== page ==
Yesterday evening was Liz Smith‘s socialite-studded Fete de Swifty—a silent-auction-based benefit held in a tent on 73rd street.
Under the tent, wait staff wandered between partygoers with plates of maple bacon. Wax likenesses of Bono and Tina Turner were donated by Madame Tussauds and positioned for Poloroids. There was an ice cream stand, a photo booth, a caricature guy and an extensive seafood table with a large dripping seahorse ice sculpture.
I met Ms. Smith by the front opening of the tent (near the ice cream stand). She was wearing a white and blue polka-dotted jacket and slipper shoes with tiny etched devils in them. She smiled, shook hands, and hugged most of the arriving guests, cameras snapping. I asked Ms. Smith if she thought she’d make her usual Fete de Swifty numbers in light of all the Wall Street commotion.
"We’d like to make over a million dollars, I don’t know if we will, but maybe. We do get better every year. Of course though, with economics as they are …" She shook her head slightly.
Then I asked her about Lehman Brothers.
"You know, I don’t even know what to say about that. It’s so horrible. I’m so furious because they let it happen again. They talk about regulations … They’ve been warned over and over for months …for years. Oh! Here’s my friend Dina!" Ms. Smith wandered off to hug Dina.
Around 7:30 the lights in the tent dimmed momentarily and Mayor Bloomberg appeared with Ms. Smith on the small central stage inside the tent. He addressed the party.
"Ladies and gentlemen, I want to welcome all of you to my favorite annual fund-raiser in a tent on 73rd Street! We had the U.S. Open a couple of weeks ago, tonight’s Swifty’s. We have the Mets … the Yankees final game at Yankees Stadium on Sunday night. I’m sure you’ll all be there, but tonight I want to say thank you to you for supporting the Mayor’s Fund, so thanks, New York!" He then introduced Ms. Smith as "one of the most wonderful women [he has] ever met" and she took the podium to speak:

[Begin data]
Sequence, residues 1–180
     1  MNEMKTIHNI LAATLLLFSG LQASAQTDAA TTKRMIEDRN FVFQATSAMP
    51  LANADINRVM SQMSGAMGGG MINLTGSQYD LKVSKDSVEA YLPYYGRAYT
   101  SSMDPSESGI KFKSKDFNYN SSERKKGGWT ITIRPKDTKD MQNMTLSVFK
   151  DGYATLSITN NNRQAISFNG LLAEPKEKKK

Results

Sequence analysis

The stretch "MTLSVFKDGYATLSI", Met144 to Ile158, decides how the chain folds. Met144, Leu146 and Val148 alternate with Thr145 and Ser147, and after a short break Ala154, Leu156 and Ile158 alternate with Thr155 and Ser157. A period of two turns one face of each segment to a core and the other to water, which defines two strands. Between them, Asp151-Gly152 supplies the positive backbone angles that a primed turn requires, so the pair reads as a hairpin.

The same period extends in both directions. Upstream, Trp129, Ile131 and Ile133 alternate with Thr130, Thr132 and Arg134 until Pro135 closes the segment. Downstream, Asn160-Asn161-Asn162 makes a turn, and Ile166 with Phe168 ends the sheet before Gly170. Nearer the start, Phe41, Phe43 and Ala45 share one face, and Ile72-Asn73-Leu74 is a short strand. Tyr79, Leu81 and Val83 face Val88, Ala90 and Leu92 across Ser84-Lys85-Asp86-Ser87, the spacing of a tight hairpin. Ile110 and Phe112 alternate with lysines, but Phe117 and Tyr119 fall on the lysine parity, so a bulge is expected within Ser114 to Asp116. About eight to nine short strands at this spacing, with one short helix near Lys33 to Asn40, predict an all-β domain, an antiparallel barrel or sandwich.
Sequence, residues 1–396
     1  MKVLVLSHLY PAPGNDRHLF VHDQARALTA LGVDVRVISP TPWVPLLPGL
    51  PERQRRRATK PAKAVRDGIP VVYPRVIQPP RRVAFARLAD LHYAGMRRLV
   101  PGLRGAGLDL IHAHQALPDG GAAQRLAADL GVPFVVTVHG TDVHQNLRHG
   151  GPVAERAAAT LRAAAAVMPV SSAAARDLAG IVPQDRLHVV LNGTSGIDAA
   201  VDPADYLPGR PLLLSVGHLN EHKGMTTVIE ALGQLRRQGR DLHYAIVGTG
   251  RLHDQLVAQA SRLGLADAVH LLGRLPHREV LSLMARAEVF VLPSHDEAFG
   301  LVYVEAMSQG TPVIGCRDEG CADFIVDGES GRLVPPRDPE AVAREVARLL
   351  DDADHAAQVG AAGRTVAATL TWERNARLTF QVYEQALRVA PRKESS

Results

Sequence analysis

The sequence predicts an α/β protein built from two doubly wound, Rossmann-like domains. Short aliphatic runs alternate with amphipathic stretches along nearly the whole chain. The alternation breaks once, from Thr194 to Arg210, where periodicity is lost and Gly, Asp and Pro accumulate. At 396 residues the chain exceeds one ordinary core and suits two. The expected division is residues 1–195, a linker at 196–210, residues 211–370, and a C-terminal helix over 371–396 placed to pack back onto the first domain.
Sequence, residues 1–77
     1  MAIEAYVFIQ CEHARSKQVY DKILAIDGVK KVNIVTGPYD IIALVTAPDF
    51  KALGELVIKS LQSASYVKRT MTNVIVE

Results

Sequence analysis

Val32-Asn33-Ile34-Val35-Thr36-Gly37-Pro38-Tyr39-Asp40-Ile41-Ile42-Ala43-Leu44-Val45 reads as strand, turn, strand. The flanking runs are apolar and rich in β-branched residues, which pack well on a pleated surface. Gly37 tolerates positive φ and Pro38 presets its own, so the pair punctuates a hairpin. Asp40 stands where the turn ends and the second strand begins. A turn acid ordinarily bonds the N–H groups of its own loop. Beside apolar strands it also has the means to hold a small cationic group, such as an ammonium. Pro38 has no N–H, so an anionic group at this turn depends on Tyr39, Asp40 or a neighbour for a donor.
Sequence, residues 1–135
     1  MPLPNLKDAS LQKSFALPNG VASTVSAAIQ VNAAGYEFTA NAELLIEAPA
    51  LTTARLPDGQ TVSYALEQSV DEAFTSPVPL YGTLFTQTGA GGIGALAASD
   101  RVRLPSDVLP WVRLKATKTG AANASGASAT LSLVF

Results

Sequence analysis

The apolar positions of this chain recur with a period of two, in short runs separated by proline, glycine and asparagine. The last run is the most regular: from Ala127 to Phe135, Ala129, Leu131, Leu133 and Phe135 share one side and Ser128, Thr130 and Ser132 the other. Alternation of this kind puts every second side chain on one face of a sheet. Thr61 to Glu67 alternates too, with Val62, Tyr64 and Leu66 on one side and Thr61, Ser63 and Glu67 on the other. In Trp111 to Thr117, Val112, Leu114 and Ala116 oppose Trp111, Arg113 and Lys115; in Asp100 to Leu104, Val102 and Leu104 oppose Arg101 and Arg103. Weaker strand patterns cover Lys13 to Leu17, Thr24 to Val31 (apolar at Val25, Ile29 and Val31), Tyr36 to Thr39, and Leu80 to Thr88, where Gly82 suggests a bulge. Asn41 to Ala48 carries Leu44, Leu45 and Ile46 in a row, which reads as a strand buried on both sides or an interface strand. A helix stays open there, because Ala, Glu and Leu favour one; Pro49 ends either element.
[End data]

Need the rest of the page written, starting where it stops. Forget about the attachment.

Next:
"Ladies and gentlemen, we’re all here, we’re eating and drinking, we’re rubbing elbows, we’re exchanging cards. But I think we’d all be very proud if you could visit one of the anti-violence centers in Queens and the Bronx—I mean in Brooklyn, we’re gonna build one in the Bronx, we’re gonna build a lot of them. I have a feeling we need one right here in Manhattan. But anyway, that’s the serious part of this. It’s just great, the mayor is so wonderful to work with and if there were more men like him in America, we wouldn’t be in the dilemma we’re in right now!" The surging crowd exploded, applauding, and Mr. Bloomberg took the microphone again to thank several people and Ms. Smith again.
"You know, " he said, "not everyone is as lucky as us … and Liz does a good deal for people, as much as anybody I ever met."
After a photo op and an announcement about the raffle for two stadium seats from Shea, the crowd dissipated and the Daily Transom found Ms. Smith again near the front entrance. She called us over to meet Joan Collins, who was in the middle of being whisked away somewhere else. Ms. Collins wore an open-ruffled bodice-type shirt and trim skirt. I asked her if she had any particular reason for attending.
"Well, why does anybody come?" Ms. Collins said, smirking, walking away. "For fun and for friends and to celebrate Swifty!"
(This year’s honorary chairs: actress Nicole Kidman, designer Calvin Klein and Law and Order SVU’s Mariska Hargitay. None of which were present. There were reports that Ethan Hawke and Debbie Harry showed, but they are not confirmed.)